arrangements on Indigenous employment will be monitored closely in

future State of the Service reports. 131

The reduction in entry-level positions, also known as base-grade recruitment,

narrows the method by which many Indigenous Australians enter the APS. ATSIC

and ATSIS had conducted large-scale Indigenous cadetship and trainee

programs that was an important contributor to proportionate Indigenous

employment throughout the ranks of the APS. Some Departments, such as the

Department of Agriculture, Forestry and Fisheries maintain this program, 132

125

127 Indigenous Communities Coordination Taskforce, Shared Responsibility Shared Future –

Indigenous whole of government initiative: The Australian government performance monitoring

and evaluation framework, DIMIA Canberra 2003. Available online at: www.icc.gov.au. at “2.5”

128 Podger, A. (Australian Public Service Commissioner), State of the Service Report 2003-04:

State of the service series 2003-04, Commonwealth of Australia, Canberra, November 2004,

p144, Table 8.2.

129 Graham, C., Giles, T. and Johnstone, B., APS Bosses: from this… to this in just 2 years, National

Indigenous Times, 20 January 2005, pp4-5.

130 Indigenous separations from the APS rose from 4.1 per cent in 2002-03 to 4.9 per cent in

2003-04. For further detail see Podger, A., op.cit., p152, table 8.8.

131 Podger, A., op.cit., p191.

132 Hicks, J. (General Manager People and Planning), Department of Agriculture, Fisheries and

Forestry Correspondence with Aboriginal and Torres Strait Islander Social Justice Commissioner

on the New Arrangements for the Administration of Indigenous Affairs, 3 November 2004, pp5-6.

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126

however many Agencies have not continued ATSIC or ATSIS cadetships and

appear to have no process in place to commence such a program. 133

The Australian Public Service Commission stated in late August 2004 that the

number of Indigenous staff within the APS was in danger of continuing to decline

significantly as the new arrangements began to be implemented. 134 Many of

the departures have been at the middle-management level. IAPSEN have also

noted a steady decline in Indigenous staff at the Executive Level. 135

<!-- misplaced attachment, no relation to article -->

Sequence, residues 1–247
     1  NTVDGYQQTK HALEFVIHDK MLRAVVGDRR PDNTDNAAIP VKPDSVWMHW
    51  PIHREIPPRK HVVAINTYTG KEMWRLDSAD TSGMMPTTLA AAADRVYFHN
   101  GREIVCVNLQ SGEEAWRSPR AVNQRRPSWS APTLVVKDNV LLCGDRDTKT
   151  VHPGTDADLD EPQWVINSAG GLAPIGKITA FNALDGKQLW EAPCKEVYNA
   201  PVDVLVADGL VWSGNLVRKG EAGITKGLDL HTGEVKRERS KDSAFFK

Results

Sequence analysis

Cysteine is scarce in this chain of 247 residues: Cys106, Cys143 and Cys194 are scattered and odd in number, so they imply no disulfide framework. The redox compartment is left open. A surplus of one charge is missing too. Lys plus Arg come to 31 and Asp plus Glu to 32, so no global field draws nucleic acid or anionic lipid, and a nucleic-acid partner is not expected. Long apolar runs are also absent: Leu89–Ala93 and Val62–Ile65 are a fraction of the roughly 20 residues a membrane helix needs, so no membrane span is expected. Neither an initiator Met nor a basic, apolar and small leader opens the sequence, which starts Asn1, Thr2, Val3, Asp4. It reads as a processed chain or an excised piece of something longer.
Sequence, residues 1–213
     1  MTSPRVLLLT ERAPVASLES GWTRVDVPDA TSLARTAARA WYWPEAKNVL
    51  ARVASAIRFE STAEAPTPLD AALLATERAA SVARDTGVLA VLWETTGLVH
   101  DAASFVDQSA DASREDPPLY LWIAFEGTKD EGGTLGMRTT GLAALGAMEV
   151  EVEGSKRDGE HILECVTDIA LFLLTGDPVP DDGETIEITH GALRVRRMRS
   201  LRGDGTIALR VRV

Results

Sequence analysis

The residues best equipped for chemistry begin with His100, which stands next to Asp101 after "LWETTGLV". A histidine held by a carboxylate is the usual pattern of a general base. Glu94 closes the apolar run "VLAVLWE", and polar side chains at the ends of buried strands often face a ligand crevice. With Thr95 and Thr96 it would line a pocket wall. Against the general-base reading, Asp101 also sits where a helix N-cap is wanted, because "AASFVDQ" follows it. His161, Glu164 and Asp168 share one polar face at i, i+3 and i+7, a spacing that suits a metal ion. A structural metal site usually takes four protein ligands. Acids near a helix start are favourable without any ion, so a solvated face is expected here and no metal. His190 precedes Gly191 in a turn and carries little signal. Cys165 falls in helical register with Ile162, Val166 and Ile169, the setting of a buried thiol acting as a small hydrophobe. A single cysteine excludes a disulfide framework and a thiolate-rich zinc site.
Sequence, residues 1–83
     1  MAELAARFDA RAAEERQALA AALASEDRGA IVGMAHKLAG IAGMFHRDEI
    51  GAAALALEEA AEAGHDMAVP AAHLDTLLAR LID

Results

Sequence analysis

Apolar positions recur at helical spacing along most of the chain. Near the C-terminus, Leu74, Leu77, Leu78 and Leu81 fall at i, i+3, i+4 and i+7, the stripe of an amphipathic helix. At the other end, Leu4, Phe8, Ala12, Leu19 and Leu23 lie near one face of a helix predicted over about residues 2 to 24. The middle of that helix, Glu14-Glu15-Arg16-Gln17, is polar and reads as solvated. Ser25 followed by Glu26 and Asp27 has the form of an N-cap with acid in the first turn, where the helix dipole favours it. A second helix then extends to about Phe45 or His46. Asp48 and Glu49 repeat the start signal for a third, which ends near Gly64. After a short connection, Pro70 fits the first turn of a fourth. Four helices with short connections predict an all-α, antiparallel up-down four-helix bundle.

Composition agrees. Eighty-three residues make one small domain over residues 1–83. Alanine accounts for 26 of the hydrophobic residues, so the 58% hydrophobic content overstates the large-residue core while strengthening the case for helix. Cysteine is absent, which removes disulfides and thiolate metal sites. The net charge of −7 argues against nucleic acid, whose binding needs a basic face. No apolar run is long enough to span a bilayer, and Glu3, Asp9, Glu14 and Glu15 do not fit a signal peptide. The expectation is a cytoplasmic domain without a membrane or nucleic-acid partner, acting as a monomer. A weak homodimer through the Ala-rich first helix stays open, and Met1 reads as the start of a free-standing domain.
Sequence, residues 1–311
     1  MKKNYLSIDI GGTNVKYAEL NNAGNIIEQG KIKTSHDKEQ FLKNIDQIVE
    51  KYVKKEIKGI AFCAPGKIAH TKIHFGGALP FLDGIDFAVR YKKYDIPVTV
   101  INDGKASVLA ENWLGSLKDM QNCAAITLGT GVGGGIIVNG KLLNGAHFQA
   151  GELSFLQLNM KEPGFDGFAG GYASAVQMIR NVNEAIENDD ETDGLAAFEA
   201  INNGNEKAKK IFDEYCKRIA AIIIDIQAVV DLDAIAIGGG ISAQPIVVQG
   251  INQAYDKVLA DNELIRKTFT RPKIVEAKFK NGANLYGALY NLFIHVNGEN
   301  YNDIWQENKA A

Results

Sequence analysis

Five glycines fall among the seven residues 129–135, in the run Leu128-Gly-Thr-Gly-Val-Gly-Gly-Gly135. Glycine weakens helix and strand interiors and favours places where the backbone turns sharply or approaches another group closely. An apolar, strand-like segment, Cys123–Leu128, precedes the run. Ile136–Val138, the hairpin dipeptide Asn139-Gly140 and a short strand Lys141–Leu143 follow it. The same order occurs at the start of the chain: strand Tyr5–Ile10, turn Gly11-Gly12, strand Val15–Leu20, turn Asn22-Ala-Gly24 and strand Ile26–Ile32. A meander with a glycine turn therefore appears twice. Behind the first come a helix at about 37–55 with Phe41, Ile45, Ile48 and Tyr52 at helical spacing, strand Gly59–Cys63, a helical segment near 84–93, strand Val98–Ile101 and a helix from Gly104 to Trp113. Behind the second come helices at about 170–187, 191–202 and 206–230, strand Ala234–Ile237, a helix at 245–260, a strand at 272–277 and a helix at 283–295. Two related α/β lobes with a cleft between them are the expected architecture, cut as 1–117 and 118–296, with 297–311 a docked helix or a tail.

Since the announcement of the new arrangements, the Australian Public Service

Commission has requested that agencies that have received staff from ATSIC

or ATSIS report any changes in their status at the end of each month. This

provides a crude guide to changes in Indigenous retention in these agencies.

Comprehensive data will not be available until the Australian Public Service

Employee Database is uploaded at the end of the financial year. I intend to

maintain regular dialogue with the APSC over the coming years about trends in

retention rates and strategies being put into place to address the consequences

of these.

Follow up action by Social Justice Commissioner

8. The Social Justice Commissioner will, over the coming twelve months, consult with the

Australian Public Service Commission about:

• recruitment strategies relating to positions in the Australian Public Service involving

Indigenous service delivery, program and policy design, and in particular, promoting

understanding and use of identified criteria;

• the use of cultural awareness training by agencies involved in the new arrangements;

• trends in the retention of Indigenous staff across the Australian Public Service; and

• the assistance that the Commission is providing to agencies involved in the new

arrangements with developing or revising Indigenous recruitment and retention policies.

• Coordinating programs across government departments and with the

states and territories

In its Report on Indigenous Funding 2001, the Commonwealth Grants Commission

found that ‘mainstream services do not meet the needs of Indigenous

people to the same extent as they meet the needs of non-Indigenous people’. 136

Consequently, it identified the following principles to underpin service delivery:

• the full and effective participation of Indigenous people in

decisions affecting funding distribution and service delivery;

133 See Australian Public Service Commission, State of the Service 2003/04, Table 8.9: Agency

strategies to recruit Indigenous Australians, Agency survey, Online at: www.apsc.gov.au/

stateoftheservice/0404/chapter8f.htm.

134 Discussion with then APSC Commissioner, Canberra, 23 August 2004.

135 Discussions with Chairperson of IAPSEN, Canberra, 2 September 2004.

136 Commonwealth Grants Commission, op.cit., p43.

Social Justice Report 2004


• ensuring genuine collaborative processes with the involvement

of government and non-government funders and

service deliverers to maximise opportunities for pooling of

funds, as well as multi-jurisdictional and cross-functional

approaches to service delivery; and

• recognition of the critical importance of effective access to